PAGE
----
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young adult, Connecticut criminal defense attorneyOver the last several years, Governor Dannel P. Malloy has spearheaded efforts to reform the Connecticut criminal justice system and to reduce the state’s prison population. In 2015, Governor Malloy successfully lobbied for the reclassification of most drug possession charges as misdemeanors as opposed to felonies, thereby reducing prison sentences for non-violent offenders. Last year, he continued promoting his “Second Chance Society” measures to reform the state’s bail system and to expand the juvenile court system’s jurisdiction to include young adults up to age 21. While the initiatives failed to gain sufficient traction during 2016, both are back on the table this year.

Raising the Age

When a juvenile breaks the law, he or she, in most cases, is subject to the jurisdiction of the state’s juvenile court system. Juvenile courts are generally more focused on education and rehabilitation than punishment. The approach is intended to prevent young offenders from becoming immersed in a criminal lifestyle, pushing them instead to become productive members of society.

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prosecutors, Connecticut criminal defense attorneyWhen you go to work every day, you are expected to perform at a certain level. You may have productivity standards or sales quotas that must be met, and you are almost certainly required to adhere to your company’s code of conduct policies. If you make a major mistake or deliberately break the rules, you are probably subject to some sort of disciplinary process which could ultimately cost you your job. At the very least, you will likely be expected to remedy your error if possible. While such expectations apply to most people who work for a living, it seems that criminal prosecutors—for whom a major mistake or misconduct could ruin another person’s life—are often exempt. A report released earlier this year found that prosecutors who commit misconduct or make serious mistakes in their prosecution of criminal cases are very rarely held accountable for their actions.

Hundreds of Examples

The Prosecutorial Oversight Coalition was formed as a joint project of the Innocence Project, the Innocence Project New Orleans, the Veritas Initiative at Santa Clara University School of Law, and Resurrection After Exoneration to study examples of prosecutor error and misconduct. The group looked at thousands of court decisions between 2004 and 2008 from five states—Arizona, California, New York, Pennsylvania, and Texas—and found 660 incidents of prosecutor misconduct. In reality, the number is probably much higher, considering how difficult it can be to recognize the behavior as misconduct.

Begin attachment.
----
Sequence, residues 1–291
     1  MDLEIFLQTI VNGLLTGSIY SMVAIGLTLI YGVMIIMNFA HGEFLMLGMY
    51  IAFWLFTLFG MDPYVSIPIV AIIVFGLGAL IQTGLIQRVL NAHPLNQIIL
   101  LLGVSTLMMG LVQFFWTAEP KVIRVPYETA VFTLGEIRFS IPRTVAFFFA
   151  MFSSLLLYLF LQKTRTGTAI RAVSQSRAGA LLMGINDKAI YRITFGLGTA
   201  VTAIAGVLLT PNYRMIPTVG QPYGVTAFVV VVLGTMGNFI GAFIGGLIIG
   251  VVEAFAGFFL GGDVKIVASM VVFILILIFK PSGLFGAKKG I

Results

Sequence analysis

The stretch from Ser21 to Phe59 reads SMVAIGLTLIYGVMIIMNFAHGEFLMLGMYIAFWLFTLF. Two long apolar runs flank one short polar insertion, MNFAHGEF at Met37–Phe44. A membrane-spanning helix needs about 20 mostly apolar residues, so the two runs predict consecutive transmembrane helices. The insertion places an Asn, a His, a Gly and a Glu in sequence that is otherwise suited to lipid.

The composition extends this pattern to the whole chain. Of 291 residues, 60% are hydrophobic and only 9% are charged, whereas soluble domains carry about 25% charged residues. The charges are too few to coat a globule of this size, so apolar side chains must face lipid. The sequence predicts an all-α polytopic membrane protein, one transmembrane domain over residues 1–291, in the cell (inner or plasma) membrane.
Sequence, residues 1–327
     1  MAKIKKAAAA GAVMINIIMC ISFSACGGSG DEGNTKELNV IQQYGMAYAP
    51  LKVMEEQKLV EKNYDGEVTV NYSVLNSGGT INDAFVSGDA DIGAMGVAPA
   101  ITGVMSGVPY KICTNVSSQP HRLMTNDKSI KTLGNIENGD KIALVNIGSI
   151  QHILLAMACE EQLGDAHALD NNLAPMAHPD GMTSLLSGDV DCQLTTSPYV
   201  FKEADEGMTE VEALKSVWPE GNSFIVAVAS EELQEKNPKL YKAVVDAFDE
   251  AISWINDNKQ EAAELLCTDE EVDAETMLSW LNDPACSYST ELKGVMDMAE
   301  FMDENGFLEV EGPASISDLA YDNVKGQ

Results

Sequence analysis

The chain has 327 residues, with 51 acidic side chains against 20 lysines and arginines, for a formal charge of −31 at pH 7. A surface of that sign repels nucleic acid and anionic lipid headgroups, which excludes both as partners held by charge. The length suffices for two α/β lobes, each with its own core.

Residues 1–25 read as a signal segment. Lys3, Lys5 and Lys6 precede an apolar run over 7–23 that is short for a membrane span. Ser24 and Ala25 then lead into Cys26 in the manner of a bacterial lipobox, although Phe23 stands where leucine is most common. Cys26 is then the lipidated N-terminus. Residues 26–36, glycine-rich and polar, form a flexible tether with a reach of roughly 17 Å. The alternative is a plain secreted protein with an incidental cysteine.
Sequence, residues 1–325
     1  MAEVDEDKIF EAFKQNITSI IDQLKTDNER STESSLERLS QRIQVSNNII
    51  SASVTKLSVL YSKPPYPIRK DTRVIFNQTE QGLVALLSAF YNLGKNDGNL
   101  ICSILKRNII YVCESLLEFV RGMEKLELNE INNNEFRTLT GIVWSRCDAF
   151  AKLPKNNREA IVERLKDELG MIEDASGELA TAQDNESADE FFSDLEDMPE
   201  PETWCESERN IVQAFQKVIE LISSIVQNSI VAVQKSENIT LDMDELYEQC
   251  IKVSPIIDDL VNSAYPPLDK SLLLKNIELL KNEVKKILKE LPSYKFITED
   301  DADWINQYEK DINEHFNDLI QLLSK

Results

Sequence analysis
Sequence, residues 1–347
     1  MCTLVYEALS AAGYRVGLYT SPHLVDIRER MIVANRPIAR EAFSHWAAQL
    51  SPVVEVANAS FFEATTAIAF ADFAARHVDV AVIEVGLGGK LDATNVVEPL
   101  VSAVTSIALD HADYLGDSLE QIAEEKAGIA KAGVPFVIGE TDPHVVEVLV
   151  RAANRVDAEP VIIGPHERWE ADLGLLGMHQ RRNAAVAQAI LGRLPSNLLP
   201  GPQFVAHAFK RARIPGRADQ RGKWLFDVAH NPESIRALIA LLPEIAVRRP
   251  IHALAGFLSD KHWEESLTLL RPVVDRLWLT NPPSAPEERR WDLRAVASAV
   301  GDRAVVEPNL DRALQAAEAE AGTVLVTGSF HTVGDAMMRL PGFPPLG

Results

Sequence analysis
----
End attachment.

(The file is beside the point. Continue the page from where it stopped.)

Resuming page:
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firearms analysis, Hartford criminal defense attorneyForensic science is the application of research, analysis, technology, and science in civil and criminal law proceedings. If you have turned on a television in the last decade and a half, you have probably seen at least one if not dozens of dramas depicting fictionalized versions of forensic investigation. When forensics experts provide testimony or evidence in a criminal case, it is easy to presume that the results in question are fully reliable and backed by solid scientific research.

In recent years, however, it appears that forensic investigators have been overstating the reliability of some of their most well-known methods, including those used to “match” a bullet to a particular firearm. The issue has become such a concern that an appellate court judge in Washington, D.C. addressed the matter in an opinion filed in the appeal of a murder conviction.

Common Methodology

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identification, Hartford criminal defense attorneyEven if you have never been inside a courtroom for a criminal trial, you have probably seen dramatized versions in movies and on television. As such, you are likely familiar with the concept of a courtroom identification. While a witness—often the alleged victim or an eyewitness to the crime—is being questioned, he or she is asked by the district attorney a question along the lines of “Is the person who committed this offense present in the courtroom today?” If the response is affirmative, the witness is then asked to point out that individual for the record.

New Guidelines

Last week, the Connecticut Supreme Court handed down a ruling that places a limit on such in-court identifications. Going forward, the state must notify the court that a witness will be identifying a suspect in court for the first time, without having identified the suspect via a photo-lineup or other, non-suggestive manner prior to trial. The presiding judge is only permitted to allow a first-time identification in court if “there is no factual dispute as to the identity of the perpetrator, or the ability of the particular eyewitness to identify the defendant is not at issue.”

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Posted by on in Criminal Law

Ferguson Missouri criminal lawyer, Connecticut criminal attorneyWell we ought to know its not about "Ferguson!" Ferguson was a mere catalyst for what will hopefully be a better USA for people of all colors and creeds.

As many of my colleagues in the criminal defense bar know, when we're traveling on the highway and see those blue flashing lights, 80% of the time the occupants are people of color. 80% plus of our clients are people of color. The Criminal court dockets consists of 80% plus of people of color.

We've sadly come to accept that! But all clearly realize that the disproportionality of these facts are "real".

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